“Fear isn’t only a guide to keep us safe; it’s also a manipulative emotion that can trick us into living a boring life.” -Donald Miller, A Million Miles in a Thousand Years
Sometimes fear is healthy, and it keeps our bodies in one piece. Choosing not to huck our meat off that 15-foot cliff (or 40-foot cliff like the photo above) is generally a pretty good idea. But then at the same time, fear “is a manipulative emotion that can trick us into living a boring life,” to quote Donald Miller.
Just last week I headed out for an after-work ride, and I planned to complete a roughly 16-mile out-and-back on a portion of trail I hadn’t ridden before. I anticipated it being very arduous, but when I had covered a grand total of three miles of trail, mostly on foot, in the first hour, I started to get concerned.The problem was, this ride wasn’t a clear, climb-to-the-top-of-the-mountain-and-bomb-back-down-in-20-minutes hike-a-bike. Rather, it was an up-and-down along a mountainside. I started doing the math and calculated that I could be out there in the woods for up to five hours, which would put me well after dark with no light. As I crested a knob and the trail began to turn back downhill, I stopped and decided to turn around.
I was afraid.
I was afraid of mundane things, like missing the time that I planned to be home. But I was afraid of other things—whether my feet would blister in the brand-new shoes I had never worn and would cripple me for the next two weeks of out-of-state travel. That I would run out of daylight and end up stranded on a sketchy, washed out, loose, ridiculously-remote motorcycle trail on the edge of a Wilderness area.
So I decided to cut my ride in half, doing a measly 7 miles in total.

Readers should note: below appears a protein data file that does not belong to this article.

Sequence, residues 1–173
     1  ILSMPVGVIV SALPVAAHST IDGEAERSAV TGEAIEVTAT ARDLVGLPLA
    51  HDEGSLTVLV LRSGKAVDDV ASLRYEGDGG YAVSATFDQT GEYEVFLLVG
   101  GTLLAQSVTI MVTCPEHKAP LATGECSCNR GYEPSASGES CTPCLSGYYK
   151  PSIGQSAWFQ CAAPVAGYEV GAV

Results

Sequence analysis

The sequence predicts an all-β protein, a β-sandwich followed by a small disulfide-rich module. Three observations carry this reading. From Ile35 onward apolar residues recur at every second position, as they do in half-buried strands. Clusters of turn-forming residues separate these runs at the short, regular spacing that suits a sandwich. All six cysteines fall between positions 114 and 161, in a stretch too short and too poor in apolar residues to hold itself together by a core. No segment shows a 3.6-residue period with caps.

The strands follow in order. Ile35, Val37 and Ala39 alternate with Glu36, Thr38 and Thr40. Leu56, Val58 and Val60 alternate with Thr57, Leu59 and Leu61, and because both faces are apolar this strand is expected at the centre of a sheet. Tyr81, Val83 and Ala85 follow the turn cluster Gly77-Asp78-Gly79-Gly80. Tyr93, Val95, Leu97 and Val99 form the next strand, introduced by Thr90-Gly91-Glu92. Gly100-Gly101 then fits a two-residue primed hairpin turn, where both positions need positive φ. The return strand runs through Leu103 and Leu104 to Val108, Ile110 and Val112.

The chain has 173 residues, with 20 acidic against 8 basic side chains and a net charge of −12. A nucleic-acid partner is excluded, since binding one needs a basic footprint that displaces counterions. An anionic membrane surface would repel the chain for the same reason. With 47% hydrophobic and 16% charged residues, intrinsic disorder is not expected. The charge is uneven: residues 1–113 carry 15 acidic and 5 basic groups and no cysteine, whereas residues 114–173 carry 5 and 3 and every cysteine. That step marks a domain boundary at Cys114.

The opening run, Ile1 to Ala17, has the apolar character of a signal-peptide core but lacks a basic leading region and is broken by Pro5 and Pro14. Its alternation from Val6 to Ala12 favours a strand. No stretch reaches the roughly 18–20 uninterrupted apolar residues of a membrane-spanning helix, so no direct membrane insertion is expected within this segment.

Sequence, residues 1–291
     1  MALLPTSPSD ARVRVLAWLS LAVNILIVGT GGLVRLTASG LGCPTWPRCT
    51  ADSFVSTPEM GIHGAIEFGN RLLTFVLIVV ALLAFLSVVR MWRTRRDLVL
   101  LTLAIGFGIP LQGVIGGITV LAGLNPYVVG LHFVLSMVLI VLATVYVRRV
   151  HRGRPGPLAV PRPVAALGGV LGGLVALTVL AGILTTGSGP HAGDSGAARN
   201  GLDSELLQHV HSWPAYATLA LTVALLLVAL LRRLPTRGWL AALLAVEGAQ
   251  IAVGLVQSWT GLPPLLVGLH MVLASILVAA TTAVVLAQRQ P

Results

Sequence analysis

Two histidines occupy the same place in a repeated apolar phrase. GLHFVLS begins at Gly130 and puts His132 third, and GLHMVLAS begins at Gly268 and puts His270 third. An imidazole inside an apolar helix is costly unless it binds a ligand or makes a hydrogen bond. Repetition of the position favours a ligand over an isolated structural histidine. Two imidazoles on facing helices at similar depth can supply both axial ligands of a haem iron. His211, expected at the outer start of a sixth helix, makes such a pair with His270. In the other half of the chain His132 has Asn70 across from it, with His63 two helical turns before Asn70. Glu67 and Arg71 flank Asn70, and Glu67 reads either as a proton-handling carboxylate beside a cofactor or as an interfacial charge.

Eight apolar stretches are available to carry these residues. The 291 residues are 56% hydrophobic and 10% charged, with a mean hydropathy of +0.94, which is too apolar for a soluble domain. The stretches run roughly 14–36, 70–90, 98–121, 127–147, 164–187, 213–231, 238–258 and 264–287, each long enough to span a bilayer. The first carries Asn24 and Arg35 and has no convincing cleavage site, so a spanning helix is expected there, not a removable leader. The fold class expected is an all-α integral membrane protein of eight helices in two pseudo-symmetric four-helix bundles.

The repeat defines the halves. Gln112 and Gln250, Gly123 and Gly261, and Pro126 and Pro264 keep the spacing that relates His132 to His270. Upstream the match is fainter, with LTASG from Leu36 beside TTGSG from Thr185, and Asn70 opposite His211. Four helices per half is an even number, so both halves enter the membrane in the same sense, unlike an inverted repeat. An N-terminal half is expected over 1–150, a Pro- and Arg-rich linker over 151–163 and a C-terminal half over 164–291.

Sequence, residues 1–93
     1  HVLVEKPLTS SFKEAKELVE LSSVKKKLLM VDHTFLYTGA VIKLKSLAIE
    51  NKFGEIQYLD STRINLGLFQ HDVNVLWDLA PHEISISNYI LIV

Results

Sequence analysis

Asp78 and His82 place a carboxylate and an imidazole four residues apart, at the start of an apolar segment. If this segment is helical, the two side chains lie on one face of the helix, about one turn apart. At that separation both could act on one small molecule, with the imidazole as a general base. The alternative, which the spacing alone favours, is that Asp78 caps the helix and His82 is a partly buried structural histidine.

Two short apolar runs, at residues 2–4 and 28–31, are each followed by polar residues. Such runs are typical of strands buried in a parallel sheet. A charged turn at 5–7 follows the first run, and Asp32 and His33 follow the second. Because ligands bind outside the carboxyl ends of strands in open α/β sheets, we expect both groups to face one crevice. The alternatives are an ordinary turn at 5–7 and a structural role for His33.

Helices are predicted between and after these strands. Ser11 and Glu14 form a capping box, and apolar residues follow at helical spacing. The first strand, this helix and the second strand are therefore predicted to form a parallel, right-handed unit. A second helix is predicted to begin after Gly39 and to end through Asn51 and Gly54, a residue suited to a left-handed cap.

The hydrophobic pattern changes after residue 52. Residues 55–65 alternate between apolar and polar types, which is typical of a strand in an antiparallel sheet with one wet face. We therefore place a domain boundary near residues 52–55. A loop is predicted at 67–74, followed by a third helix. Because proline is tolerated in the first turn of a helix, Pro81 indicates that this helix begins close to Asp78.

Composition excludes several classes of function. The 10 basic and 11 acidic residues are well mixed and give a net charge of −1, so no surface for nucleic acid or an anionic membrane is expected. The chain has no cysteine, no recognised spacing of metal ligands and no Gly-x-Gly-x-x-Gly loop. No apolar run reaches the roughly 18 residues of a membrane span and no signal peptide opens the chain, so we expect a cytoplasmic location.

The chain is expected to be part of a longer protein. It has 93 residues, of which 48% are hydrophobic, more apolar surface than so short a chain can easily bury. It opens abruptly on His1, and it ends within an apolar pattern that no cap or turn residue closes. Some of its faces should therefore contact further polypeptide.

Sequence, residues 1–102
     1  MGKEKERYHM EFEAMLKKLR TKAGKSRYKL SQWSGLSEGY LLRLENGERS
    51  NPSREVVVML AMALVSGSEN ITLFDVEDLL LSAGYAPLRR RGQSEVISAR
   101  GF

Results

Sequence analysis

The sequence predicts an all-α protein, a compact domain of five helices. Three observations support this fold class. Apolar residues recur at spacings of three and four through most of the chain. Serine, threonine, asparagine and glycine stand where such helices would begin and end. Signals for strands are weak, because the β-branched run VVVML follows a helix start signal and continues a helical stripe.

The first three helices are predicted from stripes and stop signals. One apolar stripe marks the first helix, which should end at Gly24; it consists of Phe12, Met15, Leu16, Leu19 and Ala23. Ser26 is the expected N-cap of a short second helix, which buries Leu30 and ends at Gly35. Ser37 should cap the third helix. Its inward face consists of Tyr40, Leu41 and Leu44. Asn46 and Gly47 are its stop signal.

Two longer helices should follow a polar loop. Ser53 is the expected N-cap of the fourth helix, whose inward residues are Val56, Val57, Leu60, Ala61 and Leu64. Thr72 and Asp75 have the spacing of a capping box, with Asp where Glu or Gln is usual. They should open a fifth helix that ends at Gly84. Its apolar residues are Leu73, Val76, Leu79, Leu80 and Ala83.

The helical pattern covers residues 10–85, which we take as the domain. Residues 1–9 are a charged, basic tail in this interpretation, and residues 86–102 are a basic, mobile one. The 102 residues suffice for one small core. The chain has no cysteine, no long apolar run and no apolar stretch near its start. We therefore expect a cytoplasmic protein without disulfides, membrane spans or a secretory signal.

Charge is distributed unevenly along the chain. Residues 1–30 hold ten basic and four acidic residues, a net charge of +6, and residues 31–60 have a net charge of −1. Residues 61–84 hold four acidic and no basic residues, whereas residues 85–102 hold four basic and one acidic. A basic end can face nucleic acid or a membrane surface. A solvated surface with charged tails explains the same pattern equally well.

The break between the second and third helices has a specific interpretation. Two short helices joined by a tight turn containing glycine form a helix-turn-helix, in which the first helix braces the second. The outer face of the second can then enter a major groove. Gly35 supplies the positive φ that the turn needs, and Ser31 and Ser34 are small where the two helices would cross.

But as I turned around to head back, it turned out that yes, while I had a little-hike-a-bike on the return, overall I had climbed much more on the way out, and the return trip was mostly downhill and much faster overall.
You know what? Maybe I made the right decision. I didn’t get stranded in the woods, and I made it back home when I said I would. But you know what else? I may have been able to complete my full route if I had put my mind to it.
In many senses, fear manipulated me into a boring evening.
This is just one small example, but fear manipulates us in many areas of our lives. We’re comfortable in our boring jobs, pulling in a reliable salary with good health insurance. We’re afraid of stepping out and pursuing our dreams, taking a risk, and losing our security.
Sometimes we fear offending people, and to avoid stepping on anybody’s toes, we make ourselves smaller and less honest to our own selves, so that everyone likes us (a false facade of ourself) and keeps smiling through the entire social event.
Here’s one that I always do: I’m afraid of hitting a long security line at the airport and missing my flight, so inevitably I end up at my gate two (or more) hours earlier than necessary. What more exciting things could I have done besides typing on my laptop at the airport?
Have you ever driven over 100mph in a car before? No? Fear. Boring. As a general rule, going fast is fun (and dangerous, and sometimes illegal).
Don’t let fear manipulate you. Tell that bastard to go pound sand, while you go out and live an interesting life!
Editor’s Note: “Over a Beer” is a regular column written by Greg Heil. While Greg is the Editor in Chief for Singletracks.com, any opinions expressed in this column are his alone and do not necessarily represent the opinions of Singletracks.com.